Firemen join forces to send engine on an African mission
One of the world's poorest countries is to get a refurbished fire engine from authorities on both sides of the Border here.
The 1988 Dennis Carmichael fire appliance was donated by Dublin City Council to the state of Niger, which has just one fire engine.
"The bad weather delayed the engine's departure . . . but we hope that it will leave this week," said Brendan McCoy, chairman of the country's part-time fireman's organisation, the National Retained Firefighters Association of Ireland (NRFA).
The NRFA and the Northern Ireland Fire Brigade Union teamed up with international development agency Plan Ireland for the €40,000 project.
Months were spent getting the fire engine ready -- with spare parts, fire equipment and cash donated by fire services.
The engine will travel by sea from Cork to Benin. A five-strong team will then take it 1,700km by road to the city of Zinder, which has a population of close to 200,000.
The team will make sure the engine is fully operational, and instruct the local fighters how to operate it as part of a 10-day mission before flying home.
Some €30,000 has been collected towards the cost. Anybody who would like to help can click onto the Plan Ireland website or make a contribution at Dundalk fire station.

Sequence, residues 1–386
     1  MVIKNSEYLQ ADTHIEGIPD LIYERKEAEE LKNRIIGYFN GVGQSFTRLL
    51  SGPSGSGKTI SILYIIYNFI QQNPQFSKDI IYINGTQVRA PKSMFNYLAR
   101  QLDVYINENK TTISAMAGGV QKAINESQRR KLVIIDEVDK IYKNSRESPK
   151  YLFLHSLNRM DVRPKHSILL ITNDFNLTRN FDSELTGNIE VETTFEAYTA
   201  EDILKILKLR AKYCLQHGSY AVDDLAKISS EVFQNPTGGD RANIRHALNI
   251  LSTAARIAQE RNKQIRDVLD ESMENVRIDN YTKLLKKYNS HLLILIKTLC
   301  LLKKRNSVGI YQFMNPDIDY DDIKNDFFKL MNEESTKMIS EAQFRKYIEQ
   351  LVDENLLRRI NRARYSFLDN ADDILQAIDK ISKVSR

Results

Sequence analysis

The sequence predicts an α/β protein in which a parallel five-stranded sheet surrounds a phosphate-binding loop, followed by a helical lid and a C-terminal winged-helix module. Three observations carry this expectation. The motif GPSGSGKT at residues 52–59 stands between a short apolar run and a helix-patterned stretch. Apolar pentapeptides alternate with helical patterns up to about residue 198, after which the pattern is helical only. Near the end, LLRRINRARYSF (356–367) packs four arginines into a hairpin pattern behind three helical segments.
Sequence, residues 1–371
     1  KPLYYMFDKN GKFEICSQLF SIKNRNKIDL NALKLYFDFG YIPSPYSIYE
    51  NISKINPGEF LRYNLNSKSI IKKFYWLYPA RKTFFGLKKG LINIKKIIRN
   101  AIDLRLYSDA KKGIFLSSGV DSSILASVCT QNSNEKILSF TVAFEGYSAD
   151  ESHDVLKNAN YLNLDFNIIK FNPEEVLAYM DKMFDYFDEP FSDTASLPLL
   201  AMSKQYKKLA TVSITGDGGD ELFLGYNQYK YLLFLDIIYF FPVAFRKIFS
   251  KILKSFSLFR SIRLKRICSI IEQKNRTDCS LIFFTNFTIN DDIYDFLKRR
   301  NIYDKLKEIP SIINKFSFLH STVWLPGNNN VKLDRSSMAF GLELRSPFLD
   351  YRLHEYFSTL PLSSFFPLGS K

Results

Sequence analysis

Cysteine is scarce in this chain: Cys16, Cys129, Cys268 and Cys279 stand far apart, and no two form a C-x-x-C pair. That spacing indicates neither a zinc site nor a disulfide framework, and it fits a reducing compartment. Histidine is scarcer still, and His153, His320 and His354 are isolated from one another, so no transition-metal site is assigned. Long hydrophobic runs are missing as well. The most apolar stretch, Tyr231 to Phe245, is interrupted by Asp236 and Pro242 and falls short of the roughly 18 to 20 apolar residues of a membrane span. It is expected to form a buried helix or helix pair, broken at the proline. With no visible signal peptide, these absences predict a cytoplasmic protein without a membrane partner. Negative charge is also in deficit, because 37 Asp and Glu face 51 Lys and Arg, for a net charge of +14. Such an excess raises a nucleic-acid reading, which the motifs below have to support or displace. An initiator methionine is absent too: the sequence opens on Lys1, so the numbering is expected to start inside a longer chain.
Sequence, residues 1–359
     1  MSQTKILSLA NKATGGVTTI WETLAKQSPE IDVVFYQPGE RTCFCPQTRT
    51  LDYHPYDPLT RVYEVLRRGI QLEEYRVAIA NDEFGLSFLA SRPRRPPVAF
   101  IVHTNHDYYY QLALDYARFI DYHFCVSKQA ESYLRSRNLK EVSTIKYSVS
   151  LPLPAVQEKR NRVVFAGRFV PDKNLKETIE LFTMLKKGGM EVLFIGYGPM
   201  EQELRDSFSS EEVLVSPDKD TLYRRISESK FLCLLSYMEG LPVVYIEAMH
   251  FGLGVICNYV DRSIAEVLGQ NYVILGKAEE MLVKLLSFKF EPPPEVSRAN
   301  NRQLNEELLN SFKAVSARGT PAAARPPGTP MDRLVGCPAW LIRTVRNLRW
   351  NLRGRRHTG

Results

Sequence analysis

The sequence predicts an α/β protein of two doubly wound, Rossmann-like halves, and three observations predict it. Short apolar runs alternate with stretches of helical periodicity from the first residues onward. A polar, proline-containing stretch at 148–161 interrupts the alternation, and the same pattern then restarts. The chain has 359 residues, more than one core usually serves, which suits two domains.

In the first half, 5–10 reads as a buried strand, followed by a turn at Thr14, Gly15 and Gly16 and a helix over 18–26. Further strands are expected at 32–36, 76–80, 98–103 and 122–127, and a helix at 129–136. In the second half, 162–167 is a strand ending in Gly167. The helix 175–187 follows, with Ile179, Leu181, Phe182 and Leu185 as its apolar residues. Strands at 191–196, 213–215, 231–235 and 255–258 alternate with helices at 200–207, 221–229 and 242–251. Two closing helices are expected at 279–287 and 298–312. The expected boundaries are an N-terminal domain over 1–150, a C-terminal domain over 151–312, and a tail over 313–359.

Repairs, refitting of equipment and servicing have been carried out there by mechanics Michael Dawe, a full-time official with Dundalk Fire Brigade and Darren Geary, who is attached to the Monaghan Fire Service.
"They have worked on it for the past four months in their spare time," said Mr McCoy, who will accompany the pair to Zinder along with Rob Cage and Jimmy Kinahan of Plan Ireland.
Plan Ireland volunteers Redmond Tobin and Joanna Church discovered there was just one operating fire engine in the Niger region while carrying out post-famine work in 2006.
Mr Tobin approached Mr McCoy with the idea of sending a fire engine to Niger. "His enthusiasm alone for the project sold it to me," said Mr McCoy.
"Limerick county fire service donated ladders and cash, while the Northern Ireland Fire and Rescue Service donated fire gear and helmets thanks to the good office of Jimmy Quinn, chairman of the Northern Ireland Fire Brigade Union," he added.